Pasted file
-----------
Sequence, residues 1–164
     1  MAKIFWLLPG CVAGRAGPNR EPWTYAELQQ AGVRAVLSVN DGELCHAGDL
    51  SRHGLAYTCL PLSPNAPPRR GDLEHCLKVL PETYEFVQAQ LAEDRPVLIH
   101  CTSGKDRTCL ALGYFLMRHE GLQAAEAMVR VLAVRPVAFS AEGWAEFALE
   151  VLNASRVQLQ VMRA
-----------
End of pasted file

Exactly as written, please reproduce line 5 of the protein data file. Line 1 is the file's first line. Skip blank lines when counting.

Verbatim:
   151  VLNASRVQLQ VMRA